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Date: Wed, 24 Jun 2015 21:44:42 +0000
From: Marsh Ray <>
To: "" <>
Subject: RE: Why protect against side channel attacks

To Greg's excellent summary I would just add a couple of further points, probably all have been mentioned before.

While the salt isn't generally supposed to be public:

a.       The security benefit of a PHF comes only after there has been a breach, so design of a PHF ought to assume everything is known except for the secret password itself. That's like Kerckhoffs 2nd. But unlike Kerckhoffs, we cannot tolerate leaks of salt or hash either. Kerckhoffs doesn't apply nicely here because the 'secret' lives in a gray area of insufficient entropy.

b.      Cache timing side channels tend to leak information about the salt too.

> Suppose a slow-memory attack was demonstrated, and suddenly the attacker hash rate goes up by 10x

While this sounds dramatic, and is technically a cryptographic weakness, it's not as big of an impact as it sounds. It's a loss of 3.2 bits of security which could be approximately compensated for by increasing the minimum password length by a single character.

My feeling is that 10x is probably within the range of variation that will be seen in the field. For example, did you get a faster server and forget to re-tune your PHF parameters? Or did you tune your work factor to take 20 ms when you really could have afforded 200 ms? Well, by that measure you've lost 10x security.

I guess I'm saying that, while I don't think this will happen, if a 10x rate or power efficiency attack were discovered in the future personally I could still consider PHC to have been a success.

-          Marsh

From: Greg Zaverucha []
Sent: Wednesday, June 24, 2015 12:12 PM
Subject: [PHC] Why protect against side channel attacks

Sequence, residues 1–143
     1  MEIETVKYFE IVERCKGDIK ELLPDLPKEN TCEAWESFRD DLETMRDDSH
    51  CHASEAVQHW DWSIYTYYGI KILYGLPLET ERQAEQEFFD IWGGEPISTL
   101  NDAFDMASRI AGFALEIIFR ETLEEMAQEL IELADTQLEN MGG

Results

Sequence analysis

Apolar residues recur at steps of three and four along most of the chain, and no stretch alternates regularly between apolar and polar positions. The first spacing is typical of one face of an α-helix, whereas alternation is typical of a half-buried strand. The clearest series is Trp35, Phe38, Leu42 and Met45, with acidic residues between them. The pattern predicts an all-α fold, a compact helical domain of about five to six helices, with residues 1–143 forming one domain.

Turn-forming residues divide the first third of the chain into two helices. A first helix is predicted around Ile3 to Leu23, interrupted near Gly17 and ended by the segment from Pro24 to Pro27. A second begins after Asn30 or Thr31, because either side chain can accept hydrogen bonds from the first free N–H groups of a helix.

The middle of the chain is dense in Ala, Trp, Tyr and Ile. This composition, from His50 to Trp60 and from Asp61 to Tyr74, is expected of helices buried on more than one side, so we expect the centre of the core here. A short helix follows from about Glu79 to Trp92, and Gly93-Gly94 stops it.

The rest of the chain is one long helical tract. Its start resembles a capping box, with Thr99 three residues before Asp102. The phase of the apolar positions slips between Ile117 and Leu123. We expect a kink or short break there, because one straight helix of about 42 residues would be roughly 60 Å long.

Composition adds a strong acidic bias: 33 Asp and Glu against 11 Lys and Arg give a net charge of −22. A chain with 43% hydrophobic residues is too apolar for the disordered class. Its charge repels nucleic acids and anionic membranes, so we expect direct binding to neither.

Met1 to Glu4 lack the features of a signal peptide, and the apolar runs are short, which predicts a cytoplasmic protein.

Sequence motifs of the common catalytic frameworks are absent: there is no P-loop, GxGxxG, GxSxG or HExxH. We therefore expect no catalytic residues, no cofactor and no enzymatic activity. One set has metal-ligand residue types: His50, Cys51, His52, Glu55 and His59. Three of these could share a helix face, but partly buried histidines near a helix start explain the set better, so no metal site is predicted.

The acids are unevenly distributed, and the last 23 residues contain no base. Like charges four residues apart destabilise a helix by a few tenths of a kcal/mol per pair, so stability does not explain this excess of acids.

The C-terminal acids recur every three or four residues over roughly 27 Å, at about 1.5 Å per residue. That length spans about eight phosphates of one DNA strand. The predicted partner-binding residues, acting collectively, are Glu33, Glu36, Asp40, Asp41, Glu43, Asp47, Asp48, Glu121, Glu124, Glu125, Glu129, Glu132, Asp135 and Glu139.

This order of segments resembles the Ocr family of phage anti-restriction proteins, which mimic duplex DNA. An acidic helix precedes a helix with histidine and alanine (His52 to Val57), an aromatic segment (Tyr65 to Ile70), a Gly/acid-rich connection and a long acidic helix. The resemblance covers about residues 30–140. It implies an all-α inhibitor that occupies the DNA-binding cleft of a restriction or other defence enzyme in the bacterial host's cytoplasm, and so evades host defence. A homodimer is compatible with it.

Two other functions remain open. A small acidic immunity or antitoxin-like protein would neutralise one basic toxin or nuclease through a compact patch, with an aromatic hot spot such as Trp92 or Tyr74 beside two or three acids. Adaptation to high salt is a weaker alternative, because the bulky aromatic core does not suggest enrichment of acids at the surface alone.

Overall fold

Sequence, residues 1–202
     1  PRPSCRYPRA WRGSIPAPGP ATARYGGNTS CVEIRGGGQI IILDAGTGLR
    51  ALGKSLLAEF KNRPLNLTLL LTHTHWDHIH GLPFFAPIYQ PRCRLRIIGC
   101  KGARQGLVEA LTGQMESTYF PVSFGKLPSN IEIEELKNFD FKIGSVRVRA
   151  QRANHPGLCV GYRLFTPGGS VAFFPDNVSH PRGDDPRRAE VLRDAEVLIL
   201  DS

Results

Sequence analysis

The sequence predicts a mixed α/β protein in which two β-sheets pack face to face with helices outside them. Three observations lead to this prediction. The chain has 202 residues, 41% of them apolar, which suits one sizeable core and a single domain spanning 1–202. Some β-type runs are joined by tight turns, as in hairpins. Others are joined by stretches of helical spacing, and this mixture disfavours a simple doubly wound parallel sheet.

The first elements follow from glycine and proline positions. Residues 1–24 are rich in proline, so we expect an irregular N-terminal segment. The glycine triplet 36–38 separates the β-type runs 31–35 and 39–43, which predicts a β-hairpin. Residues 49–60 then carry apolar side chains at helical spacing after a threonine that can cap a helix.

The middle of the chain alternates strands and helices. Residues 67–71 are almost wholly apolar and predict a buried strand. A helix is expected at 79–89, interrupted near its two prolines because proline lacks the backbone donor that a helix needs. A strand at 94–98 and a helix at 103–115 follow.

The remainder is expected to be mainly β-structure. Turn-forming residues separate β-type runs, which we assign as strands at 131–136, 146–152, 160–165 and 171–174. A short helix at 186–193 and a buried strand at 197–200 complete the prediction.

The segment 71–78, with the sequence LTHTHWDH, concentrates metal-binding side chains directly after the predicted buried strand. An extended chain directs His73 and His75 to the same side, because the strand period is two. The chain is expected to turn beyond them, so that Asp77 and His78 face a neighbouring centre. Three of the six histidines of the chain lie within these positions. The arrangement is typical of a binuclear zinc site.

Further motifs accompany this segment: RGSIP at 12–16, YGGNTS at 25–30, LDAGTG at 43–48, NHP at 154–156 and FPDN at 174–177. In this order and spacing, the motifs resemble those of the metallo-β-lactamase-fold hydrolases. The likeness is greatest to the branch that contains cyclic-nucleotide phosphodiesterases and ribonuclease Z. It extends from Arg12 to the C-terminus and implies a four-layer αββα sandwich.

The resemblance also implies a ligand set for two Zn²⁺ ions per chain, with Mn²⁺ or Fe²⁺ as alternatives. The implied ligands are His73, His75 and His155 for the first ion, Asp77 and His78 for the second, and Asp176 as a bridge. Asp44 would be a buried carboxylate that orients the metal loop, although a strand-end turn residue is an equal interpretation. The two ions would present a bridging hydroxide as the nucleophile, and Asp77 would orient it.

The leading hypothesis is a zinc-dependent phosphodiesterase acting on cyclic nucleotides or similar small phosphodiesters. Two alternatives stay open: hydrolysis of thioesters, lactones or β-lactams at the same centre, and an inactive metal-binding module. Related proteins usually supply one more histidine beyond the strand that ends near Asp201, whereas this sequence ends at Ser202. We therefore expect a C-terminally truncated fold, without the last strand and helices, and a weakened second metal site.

Some of the recent discussion has again turned to whether side-channel resistance is worthwhile.  Marsh and I were discussing side-channel protections a while back and there was one point that I found really compelling.  I've tried to reproduce it here, apologies if this was already discussed on the list.

Suppose you use password hashing function X in many products and services, in a range of contexts (on mobile devices, PCs, servers, in VMs, etc...).  Now suppose that cache-timing attacks against X are shown to be practical, someone has released an attack tool, and it's in the news under the name PasswordBleed, and someone has even made a logo for it.  The tool needs the salt and username.  It works by observing the cache access pattern of a victim process/VM, which narrows down the search space to a set of passwords small enough to attack online (i.e., the tool re-computes the hashes for passwords in a dictionary and compares their access patterns to the observed pattern, those that are close are kept). So no breach has occurred and no hashes were leaked.  (I realize that in most systems the salts aren't public, but I think we all agree that X should not get weaker if the salt is known).

How do you respond/recover in this situation?  Which passwords were compromised? I think the only way to be sure is to have all users change their passwords (and replace X), unless you can have confidence that at no point an attacker had the opportunity to observe the side channel.  But the attack leaves no trace, and would likely only affect operation of the system in a very minor way.  Against this type of attack, storing the password in the clear would have been better (since at least it would *require* a breach of the password file).

Now suppose X was side-channel resistant, and consider an algorithmic advance for cracking X.  Suppose a slow-memory attack was demonstrated, and suddenly the attacker hash rate goes up by 10x.  In this case the response is much easier - since you can be sure that only accounts where the hashes leaked need password resets.  The unbreached hashes can be re-hashed with updated parameters for X, or with a new algorithm Y.  There's a period when the defense in the event of a breach is lower than desired, but a breach must occur for it to be a risk.

To summarize, hashing with a function that has side channels introduces a new attack vector, and can put passwords at risk even without a breach.


PS - I think the attack tool described would work equally well against a design like Lyra2 that only does password-dependent accesses part way through the computation.

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